Monday, September 24, 2007

Market-Driven Church

Life in North America is dominated by market forces. And church life is no exception.

When believers are looking for a church, they do an informal (or formal) cost-benefit analysis.

It might look something like this:



Quality of worship

Driving time

Skill of preacher

Giving expectations

Children's ministry

Volunteer expectations

Facility features

Facility limitations

Youth pastor?

Prestige of church in community

Business networking opportunities

Variety of service times

Variety of service styles

Number of paid staff

Of course, one size does not fit all.

We all have personal preferences, and we take them with us to church. So we shop around until we find just the right fit.

Then we enter into an informal contract with the church and its pastor: We pledge a certain level of attendance, giving and volunteering in return for religious goods and services.

If the quantity or quality of those services drop below our expectations, then we are released from our agreement and become free agents.

But this mindset is not limited to the "consumer."

Churches market themselves with yellow-page ads, direct-mail pieces and clever sayings on the church sign.

The market-driven church becomes the data-driven church. Demographic reports dictate the long-term ministry strategy. Programs are designed around the felt needs of the community. The pastor is expected to be a technician rather than a theologian.

This video is only a slight exaggeration:

This one is dead serious:

Ian Littler warns

Beware the measurable. Neither growth nor effectiveness is a reliable indicator of faithfulness. Consumers are trained to believe (wrongly) that they alone are the final arbiters of what they need. For marketeers the real issue is church survival, which they perceive to be entirely in our hands rather than the concern of the God who calls the church into being.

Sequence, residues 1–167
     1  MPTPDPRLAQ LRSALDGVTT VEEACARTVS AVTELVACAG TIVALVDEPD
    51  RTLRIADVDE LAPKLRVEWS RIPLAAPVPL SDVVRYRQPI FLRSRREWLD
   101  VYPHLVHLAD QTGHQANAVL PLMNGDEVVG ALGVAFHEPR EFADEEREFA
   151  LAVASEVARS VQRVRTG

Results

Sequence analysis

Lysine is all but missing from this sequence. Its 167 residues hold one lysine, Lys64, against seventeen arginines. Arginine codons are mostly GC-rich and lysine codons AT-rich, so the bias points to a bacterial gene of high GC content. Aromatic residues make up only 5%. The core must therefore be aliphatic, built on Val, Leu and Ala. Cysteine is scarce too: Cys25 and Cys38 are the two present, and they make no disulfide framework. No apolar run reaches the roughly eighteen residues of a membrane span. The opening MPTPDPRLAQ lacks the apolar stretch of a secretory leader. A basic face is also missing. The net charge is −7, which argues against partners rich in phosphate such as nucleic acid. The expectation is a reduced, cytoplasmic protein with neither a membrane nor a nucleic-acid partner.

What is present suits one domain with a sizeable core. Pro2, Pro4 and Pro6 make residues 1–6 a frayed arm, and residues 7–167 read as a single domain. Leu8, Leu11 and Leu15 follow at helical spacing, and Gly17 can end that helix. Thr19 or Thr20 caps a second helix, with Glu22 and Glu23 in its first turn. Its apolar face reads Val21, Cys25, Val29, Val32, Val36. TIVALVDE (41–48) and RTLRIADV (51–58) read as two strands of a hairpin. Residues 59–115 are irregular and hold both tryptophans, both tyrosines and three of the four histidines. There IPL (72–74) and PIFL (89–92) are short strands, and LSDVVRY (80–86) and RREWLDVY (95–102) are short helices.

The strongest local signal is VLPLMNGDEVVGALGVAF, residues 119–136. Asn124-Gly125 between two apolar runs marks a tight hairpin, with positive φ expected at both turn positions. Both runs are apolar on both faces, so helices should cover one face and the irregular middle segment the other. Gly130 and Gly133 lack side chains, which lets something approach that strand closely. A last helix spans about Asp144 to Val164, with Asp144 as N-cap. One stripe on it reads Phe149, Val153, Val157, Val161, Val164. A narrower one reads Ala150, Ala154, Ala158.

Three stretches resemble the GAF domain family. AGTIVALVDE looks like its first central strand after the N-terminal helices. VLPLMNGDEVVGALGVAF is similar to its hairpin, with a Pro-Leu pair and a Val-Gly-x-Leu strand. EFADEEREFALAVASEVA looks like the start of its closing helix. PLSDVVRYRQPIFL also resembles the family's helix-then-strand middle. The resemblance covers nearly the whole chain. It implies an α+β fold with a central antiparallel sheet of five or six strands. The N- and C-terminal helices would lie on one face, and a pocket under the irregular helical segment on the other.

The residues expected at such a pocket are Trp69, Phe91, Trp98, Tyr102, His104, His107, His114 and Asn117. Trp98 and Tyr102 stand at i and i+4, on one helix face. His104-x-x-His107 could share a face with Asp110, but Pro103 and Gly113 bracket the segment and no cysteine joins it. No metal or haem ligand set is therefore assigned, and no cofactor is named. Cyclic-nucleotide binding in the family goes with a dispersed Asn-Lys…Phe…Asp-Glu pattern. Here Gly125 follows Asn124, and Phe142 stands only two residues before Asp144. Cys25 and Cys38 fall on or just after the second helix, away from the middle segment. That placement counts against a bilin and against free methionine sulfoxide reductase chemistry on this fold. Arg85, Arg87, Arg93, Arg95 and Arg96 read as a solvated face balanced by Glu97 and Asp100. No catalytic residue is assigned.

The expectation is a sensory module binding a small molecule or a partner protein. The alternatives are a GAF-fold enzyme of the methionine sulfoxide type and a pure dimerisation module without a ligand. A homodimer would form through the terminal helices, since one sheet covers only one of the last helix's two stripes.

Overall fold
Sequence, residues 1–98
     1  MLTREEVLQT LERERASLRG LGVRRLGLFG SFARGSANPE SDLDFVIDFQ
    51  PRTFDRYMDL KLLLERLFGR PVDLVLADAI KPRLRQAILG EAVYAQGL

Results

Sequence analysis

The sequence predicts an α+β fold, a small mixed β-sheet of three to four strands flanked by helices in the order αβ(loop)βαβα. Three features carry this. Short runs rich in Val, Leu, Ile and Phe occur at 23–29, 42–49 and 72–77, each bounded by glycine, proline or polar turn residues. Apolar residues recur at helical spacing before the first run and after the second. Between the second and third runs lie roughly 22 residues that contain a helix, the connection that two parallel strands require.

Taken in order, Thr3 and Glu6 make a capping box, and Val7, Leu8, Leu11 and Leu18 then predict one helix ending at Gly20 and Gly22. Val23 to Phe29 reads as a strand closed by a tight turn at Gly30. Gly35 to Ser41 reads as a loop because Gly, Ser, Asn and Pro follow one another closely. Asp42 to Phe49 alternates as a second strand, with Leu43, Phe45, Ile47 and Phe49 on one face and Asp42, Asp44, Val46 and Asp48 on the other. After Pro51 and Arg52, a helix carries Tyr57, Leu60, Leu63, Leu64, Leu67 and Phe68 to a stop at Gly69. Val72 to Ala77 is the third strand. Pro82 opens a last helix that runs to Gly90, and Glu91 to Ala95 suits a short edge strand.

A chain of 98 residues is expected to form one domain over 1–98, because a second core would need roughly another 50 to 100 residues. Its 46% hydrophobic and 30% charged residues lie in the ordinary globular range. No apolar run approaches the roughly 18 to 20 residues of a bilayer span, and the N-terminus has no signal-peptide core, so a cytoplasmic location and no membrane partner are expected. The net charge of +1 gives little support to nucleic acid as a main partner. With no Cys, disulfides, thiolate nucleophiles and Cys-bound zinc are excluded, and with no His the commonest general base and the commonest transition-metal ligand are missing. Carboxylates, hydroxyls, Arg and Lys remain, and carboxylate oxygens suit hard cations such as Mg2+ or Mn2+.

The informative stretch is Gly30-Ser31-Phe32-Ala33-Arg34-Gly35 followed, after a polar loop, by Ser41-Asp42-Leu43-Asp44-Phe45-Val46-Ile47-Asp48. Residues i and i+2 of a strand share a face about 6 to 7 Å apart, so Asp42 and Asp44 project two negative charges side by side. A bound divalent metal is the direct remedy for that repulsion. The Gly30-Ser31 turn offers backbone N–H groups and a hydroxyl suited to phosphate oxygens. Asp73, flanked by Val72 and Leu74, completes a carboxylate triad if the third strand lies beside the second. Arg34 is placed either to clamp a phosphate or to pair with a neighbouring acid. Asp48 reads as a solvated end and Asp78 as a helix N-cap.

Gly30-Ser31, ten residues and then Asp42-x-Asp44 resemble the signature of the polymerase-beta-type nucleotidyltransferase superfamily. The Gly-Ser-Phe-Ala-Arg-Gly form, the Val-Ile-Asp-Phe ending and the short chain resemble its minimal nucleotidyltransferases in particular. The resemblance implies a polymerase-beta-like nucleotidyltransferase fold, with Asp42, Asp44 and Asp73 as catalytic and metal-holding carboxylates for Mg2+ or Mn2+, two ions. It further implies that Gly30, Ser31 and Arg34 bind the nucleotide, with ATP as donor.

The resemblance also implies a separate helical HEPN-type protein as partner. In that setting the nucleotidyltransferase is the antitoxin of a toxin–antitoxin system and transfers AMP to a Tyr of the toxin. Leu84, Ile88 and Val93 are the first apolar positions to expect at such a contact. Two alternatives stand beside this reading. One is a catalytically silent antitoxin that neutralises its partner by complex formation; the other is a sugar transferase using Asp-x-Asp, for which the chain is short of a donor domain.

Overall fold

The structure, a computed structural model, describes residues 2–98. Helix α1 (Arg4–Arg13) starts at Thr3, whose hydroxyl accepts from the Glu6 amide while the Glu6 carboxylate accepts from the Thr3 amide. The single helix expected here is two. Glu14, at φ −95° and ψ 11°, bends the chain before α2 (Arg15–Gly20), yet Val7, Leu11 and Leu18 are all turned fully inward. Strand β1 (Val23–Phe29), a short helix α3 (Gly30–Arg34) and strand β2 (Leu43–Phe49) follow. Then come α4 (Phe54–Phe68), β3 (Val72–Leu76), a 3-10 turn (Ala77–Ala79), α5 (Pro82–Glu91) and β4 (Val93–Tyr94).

The church has been called into existence by God and entrusted with his mission. This mission is not fashioned in response to marketing studies and surveys. It is a mission that is not always welcomed by the powers that be.

Pastor Rod

"Helping You Become the Person God Created You To Be"


Nathaniel said...

I stole one of your not hate me too much.

However, I agree with your overall thesis, and have sent my readers your way. I am still waiting for the commercials where someone says, 'no, but I did just save my soul by switching to the First Baptist Church of Dallas'...

RF2R2 said...

'no, but I did just save my soul by switching to the First Baptist Church of Dallas'...

*shudder*... lol... *shudder*

Pastor Rod said...


They're not mine. I couldn't hate you. Thanks for the link.

God Bless,


Josh said...

I could not tell is the later video was serious or not. I still am having a hard time believing that they were not joking. htt

Pastor Rod said...


It is a segment from a program called "The God Squad." I believe it is a rabbi and a priest. It is entirely serious.


sofyst said...

I got a joke for you...

'A rabbi and a priest start a television show and call it the 'God Squad'...'